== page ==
• In that first photo, I’m not sure I’d have included the dark branches if I could have avoided them—so I’m glad you like them. I can tell you who wouldn’t love those corkscrew forms: my botanist husband. He likes his plants simple. Your choosing #7 as your favorite made me look at it again, hard. I didn’t like what I saw, or rather I decided to try to improve what I didn’t like about it even earlier. I didn’t try hard enough with that photo. So just now I took the image into Color Efex Pro and gave it the Detail Extractor and Color Contrast filters. I like it better now. You can compare the two on the blog site; I left the old one up. Let me know what you think. Thanks for writing, Lynn.


      February 5, 2021 at 4:43 PM

      • I appreciate your effort, doing several versions. I found the original slightly out of focus and wondered if that had to do with WordPress, which sometimes does that. #3 & #6 look a little out of focus to me, too. But then when you sharpened #7 I think maybe something else was lost. Instead of enjoying the whole scene, my eyes want to linger in the details of the cattails, but I think the beauty of the photo lies more in the contrast between warm and cool (sunlight/cattails and shadows) and all those nice diagonals. The shadows in the upper left suffer from the sharpening or increased contrast (or something) in the reprocessed versions. I hope you’re not sorry you asked now! 😉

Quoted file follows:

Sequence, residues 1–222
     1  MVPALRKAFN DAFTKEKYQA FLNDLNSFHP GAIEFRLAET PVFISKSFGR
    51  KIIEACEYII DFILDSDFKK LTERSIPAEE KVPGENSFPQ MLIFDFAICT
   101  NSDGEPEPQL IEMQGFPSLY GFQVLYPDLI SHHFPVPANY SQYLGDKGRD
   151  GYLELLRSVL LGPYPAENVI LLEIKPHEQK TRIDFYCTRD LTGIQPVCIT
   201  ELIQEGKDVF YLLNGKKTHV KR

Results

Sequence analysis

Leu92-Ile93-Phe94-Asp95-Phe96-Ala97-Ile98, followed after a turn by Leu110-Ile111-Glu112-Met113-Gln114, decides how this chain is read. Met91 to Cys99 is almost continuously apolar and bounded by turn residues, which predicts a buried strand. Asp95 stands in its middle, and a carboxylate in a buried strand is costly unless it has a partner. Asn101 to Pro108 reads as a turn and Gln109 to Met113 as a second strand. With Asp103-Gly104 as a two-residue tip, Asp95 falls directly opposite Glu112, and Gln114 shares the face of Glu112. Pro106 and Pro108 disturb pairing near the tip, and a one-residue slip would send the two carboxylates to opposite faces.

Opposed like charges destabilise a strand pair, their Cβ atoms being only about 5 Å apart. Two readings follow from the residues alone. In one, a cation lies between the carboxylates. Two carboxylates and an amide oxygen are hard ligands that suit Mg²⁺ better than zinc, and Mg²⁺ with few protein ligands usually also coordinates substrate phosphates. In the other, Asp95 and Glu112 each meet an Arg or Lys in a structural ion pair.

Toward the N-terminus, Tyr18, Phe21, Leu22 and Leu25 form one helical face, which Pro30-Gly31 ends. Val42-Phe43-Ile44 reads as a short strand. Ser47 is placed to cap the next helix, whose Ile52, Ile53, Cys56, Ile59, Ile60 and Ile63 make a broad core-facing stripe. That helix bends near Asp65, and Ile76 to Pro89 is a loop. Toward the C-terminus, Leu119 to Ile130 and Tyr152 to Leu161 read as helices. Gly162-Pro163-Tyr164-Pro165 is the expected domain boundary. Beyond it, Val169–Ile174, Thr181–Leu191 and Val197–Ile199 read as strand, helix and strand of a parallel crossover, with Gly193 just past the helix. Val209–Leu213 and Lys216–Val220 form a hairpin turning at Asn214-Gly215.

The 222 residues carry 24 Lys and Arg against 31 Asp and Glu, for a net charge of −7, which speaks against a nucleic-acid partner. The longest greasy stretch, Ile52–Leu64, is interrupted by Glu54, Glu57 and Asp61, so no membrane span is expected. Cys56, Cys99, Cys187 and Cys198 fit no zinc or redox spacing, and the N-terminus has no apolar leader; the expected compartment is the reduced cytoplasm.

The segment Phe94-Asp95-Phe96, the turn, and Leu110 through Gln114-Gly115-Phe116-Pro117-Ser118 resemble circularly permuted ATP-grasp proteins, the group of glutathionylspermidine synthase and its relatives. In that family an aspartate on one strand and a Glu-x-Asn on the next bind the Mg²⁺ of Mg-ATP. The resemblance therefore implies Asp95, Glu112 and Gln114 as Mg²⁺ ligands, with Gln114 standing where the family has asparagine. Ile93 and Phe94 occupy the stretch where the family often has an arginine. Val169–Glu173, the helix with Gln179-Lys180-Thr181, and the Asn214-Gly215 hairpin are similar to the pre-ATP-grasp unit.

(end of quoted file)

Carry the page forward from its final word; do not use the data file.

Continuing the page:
Liked by 1 person

        February 6, 2021 at 2:39 PM

        • I’m not at all sorry I asked. Your close attention is always welcome, Lynn. I think I know what my out-of-focus problem is now. Apparently, autofocus doesn’t work well when the temperature goes below freezing. Probably everyone knows this but me. But I guess I can live and learn. Concerning #7b, although I liked the cattails being in better focus after playing with Color Efex Pro, I, too, did not like what happened to the shadows. I tried to fix that in #7c, but I agree that my attempt was not successful. From now on, when the weather is below freezing, I will use manual focus, and I won’t post any more blurry photographs. The next post will be photos from my archives. I should be able to find at least one good one. 😉


          February 6, 2021 at 8:48 PM